HOTSEAT- Stoner's zen: Building Goodness turns 10
Jack Stoner could have just bought a flashy car. Instead, he went to Haiti in 1997 for his midlife crisis and volunteered his building skills for a rural development project.
From that mission sprang Building Goodness Foundation, which turns 10 this year. The organization has sponsored more than 50 international trips, almost as many domestic efforts, and become one of the most do-gooding groups around, all stemming from the midlife malaise of this co-founder of upscale building contractor Alexander/Nicholson.
"I got really dissatisfied that we live, and we go to work and build things for people, and go home," he says. "Is this all it's about, and then we die?"
On that first trip to Haiti, Stone realized he had a skill set that was really useful to other nonprofits. "If you're in education," explains Stoner, "you don't necessarily know how to build schools or community centers– things that we do." Likewise, doctors don't necessarily know how to build medical centers, but some physicians heard about Building Goodness and asked for help designing and building one.
Stoner got his start in building when he dropped out of architecture school at UVA in the '70s and apprenticed to a craftsman for three years. "I like working with my hands," he discovered.
"Everyone gets into the building business by mistake," he observes. "The momentum carries you through." With two years invested in college, Stoner did go back to get his degree, but his UVA diploma reads English, not architecture.
With college roommate Michael Cernik, the two started Alexander/Nicholson.
"The name is my middle name and my partner's middle name," explains Stoner. "We thought we could charge more than Stoner/Cernik."
The company has done historical restorations, work at Tandem school, the Amtrak station, and the downtown ACAC, which is one of Stoner's favorites. On the residential end, the work is designed at a high level of workmanship. "I really am drawn to craftsmanship," confesses Stoner.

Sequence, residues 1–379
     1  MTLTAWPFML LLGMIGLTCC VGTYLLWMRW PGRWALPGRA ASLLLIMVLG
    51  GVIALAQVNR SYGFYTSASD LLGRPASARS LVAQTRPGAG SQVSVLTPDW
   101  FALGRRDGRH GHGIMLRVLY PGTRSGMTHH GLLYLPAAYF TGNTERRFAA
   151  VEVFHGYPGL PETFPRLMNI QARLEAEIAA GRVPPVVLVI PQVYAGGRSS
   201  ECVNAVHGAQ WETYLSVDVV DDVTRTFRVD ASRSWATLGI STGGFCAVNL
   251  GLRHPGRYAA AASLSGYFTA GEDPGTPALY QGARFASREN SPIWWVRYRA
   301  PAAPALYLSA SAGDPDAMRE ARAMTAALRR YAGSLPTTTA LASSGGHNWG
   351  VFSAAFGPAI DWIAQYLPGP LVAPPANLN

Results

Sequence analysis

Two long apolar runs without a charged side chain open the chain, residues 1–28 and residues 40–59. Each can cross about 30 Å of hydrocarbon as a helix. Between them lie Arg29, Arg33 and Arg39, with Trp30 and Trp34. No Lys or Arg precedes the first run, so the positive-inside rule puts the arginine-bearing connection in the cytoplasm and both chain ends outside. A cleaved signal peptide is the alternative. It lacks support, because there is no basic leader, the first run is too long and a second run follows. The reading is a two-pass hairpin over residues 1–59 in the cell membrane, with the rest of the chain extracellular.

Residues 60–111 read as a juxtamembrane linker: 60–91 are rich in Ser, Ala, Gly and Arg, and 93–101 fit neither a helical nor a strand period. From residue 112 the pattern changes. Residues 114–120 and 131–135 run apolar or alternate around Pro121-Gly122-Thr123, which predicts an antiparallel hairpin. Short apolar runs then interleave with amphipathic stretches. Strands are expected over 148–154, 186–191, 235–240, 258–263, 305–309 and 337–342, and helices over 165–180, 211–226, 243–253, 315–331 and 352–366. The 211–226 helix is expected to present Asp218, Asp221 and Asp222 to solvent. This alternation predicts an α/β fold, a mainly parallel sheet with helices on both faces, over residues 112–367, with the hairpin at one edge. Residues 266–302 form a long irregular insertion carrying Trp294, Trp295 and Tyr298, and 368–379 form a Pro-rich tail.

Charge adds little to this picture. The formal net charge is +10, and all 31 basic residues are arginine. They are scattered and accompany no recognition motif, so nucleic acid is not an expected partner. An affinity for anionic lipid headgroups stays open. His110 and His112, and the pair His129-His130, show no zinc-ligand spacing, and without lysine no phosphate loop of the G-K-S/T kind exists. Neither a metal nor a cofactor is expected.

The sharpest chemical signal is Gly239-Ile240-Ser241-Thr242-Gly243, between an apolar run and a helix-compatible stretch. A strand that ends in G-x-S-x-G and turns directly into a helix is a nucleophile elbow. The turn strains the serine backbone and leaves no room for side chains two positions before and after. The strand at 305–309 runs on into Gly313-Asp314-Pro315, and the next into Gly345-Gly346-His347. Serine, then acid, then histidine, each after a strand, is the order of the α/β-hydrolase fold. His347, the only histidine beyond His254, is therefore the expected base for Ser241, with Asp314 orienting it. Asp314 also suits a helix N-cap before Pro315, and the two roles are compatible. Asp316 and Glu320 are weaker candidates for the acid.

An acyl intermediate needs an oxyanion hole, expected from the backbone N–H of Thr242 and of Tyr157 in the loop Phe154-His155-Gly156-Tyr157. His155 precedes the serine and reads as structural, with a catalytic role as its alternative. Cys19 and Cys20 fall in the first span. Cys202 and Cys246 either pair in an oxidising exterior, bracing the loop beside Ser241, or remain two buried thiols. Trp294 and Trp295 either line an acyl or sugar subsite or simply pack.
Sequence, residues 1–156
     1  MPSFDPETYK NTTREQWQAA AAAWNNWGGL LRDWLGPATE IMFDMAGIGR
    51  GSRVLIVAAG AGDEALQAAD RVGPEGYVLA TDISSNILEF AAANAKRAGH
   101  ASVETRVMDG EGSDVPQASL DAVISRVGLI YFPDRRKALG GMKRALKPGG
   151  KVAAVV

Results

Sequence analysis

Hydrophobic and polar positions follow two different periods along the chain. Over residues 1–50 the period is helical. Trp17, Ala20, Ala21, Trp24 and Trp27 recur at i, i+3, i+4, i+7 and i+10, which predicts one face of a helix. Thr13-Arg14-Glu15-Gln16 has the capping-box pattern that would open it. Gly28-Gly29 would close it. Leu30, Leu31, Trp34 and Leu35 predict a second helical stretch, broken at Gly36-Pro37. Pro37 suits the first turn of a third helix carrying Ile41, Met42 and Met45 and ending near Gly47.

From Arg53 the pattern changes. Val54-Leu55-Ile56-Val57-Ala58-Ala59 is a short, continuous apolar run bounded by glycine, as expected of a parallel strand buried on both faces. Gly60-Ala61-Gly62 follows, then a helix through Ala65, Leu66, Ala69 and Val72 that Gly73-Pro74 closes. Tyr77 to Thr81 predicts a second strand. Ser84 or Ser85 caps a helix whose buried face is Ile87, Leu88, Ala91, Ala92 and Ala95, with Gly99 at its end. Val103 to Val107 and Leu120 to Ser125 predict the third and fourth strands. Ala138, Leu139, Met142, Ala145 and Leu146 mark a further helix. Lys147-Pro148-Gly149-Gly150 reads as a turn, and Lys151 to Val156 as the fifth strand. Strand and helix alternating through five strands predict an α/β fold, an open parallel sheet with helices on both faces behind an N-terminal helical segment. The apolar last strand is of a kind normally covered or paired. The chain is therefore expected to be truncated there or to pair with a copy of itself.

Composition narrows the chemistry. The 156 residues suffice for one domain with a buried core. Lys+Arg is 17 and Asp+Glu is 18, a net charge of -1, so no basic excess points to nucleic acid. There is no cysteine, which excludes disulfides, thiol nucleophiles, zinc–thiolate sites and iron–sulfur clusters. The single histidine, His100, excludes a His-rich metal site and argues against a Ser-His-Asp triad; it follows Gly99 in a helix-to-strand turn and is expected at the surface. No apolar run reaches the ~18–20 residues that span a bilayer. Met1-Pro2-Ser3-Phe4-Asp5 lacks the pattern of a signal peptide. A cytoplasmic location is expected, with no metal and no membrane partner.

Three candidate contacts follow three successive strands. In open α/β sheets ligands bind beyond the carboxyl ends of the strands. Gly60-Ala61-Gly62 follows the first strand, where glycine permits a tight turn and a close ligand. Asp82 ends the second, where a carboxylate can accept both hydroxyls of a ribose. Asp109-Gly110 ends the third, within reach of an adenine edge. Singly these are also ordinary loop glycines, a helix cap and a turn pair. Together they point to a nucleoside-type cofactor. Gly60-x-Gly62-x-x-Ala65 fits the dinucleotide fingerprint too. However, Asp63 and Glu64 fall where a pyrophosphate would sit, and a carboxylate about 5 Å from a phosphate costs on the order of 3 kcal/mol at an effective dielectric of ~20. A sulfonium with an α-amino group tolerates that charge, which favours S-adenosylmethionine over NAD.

He isn't embarrassed to say he lives for today. He cites the example of his father, who planned for retirement while doing work he didn't enjoy– and then died of prostate cancer.
After that first trip to Haiti, Stoner told his business partner Cernik and another friend, Howard Pape, they had to do it, and the three founded Building Goodness. Over the past 10 years, it's grown into one of Charlottesville's best-known nonprofits, with a staff, and more than 800 volunteers who've put in over 60,000 hours. Who had ever heard of Pearlington, Mississippi, before Building Goodness adopted it after Hurricane Katrina? Now just about everyone in town who can hold a hammer has been there.
Not all their missions are sunshine and light. Stoner recalls one trip to Haiti to build kays– Creole for houses– when a hurricane hit while his crew was camping. Worst was the waiting and trying to stay dry. "We did get the project completed, but we hiked out soaking wet," he remembers.
Despite the hard work, one response is common for those who sign up to build goodness, says Stoner: "Wow, that was the most meaningful thing we've ever done."
Why here? I came to UVA. in 1973, started working for A-school professors after graduation, and forgot to leave.
What's worst about living here? Ticks and chiggers
Favorite hangout? Downtown Mall
Most overrated virtue? Consistency
People would be surprised to know: I write poetry.
What would you change about yourself? I would like to listen better.
Proudest accomplishment? Being a part of Building Goodness Foundation.
People find most annoying about you: I don't hear as well as I used to.
Whom do you admire? Martin Luther King Jr., Gandhi, Dietrich Bonhoeffer
Favorite book? A Prayer for Owen Meany by John Irving
Subject that causes you to rant? Radical religious fundamentalism
Biggest 21st-century thrill? Communication technology
Biggest 21st-century creep out? Communication technology
What do you drive? Toyota pickup truck
In your car CD player right now: Springsteen's new album
Next journey? Haiti
Most trouble you've ever gotten in? Lassoed my brother off his bicycle
Regret: Didn't become a ski bum for a while before starting a business
Favorite comfort food: Warm chocolate anything
Always in your refrigerator: Hot sauce
Must-see TV: 24
Describe a perfect day. Mid 80s, breeze, sun shining, fishing.
Walter Mitty fantasy: Skiing in a Warren Miller video
Who'd play you in the movie? Dennis Quaid
Most embarrassing moment? Skinny dipping with my significant other on Ocracoke when numerous trucks full of fishermen pulled up and parked between us and our clothes. You can only stay in the water so long, and fishermen are a patient lot.
Best advice you ever got? Don't just do something, stand there.
Favorite bumper sticker? The problems we face will not be solved by the minds that created them.